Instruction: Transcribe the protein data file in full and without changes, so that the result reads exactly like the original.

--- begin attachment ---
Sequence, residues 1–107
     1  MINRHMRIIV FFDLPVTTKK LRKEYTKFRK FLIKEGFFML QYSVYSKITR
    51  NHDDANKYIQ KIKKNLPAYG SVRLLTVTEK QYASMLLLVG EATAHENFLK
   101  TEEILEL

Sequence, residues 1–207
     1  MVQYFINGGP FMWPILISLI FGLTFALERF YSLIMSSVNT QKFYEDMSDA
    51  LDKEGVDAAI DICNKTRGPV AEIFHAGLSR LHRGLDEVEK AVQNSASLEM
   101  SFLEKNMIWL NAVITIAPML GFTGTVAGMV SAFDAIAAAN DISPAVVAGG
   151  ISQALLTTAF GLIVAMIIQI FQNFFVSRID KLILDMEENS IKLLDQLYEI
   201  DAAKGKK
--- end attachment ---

Sequence, residues 1–107
     1  MINRHMRIIV FFDLPVTTKK LRKEYTKFRK FLIKEGFFML QYSVYSKITR
    51  NHDDANKYIQ KIKKNLPAYG SVRLLTVTEK QYASMLLLVG EATAHENFLK
   101  TEEILEL

Sequence, residues 1–207
     1  MVQYFINGGP FMWPILISLI FGLTFALERF YSLIMSSVNT QKFYEDMSDA
    51  LDKEGVDAAI DICNKTRGPV AEIFHAGLSR LHRGLDEVEK AVQNSASLEM
   101  SFLEKNMIWL NAVITIAPML GFTGTVAGMV SAFDAIAAAN DISPAVVAGG
   151  ISQALLTTAF GLIVAMIIQI FQNFFVSRID KLILDMEENS IKLLDQLYEI
   201  DAAKGKK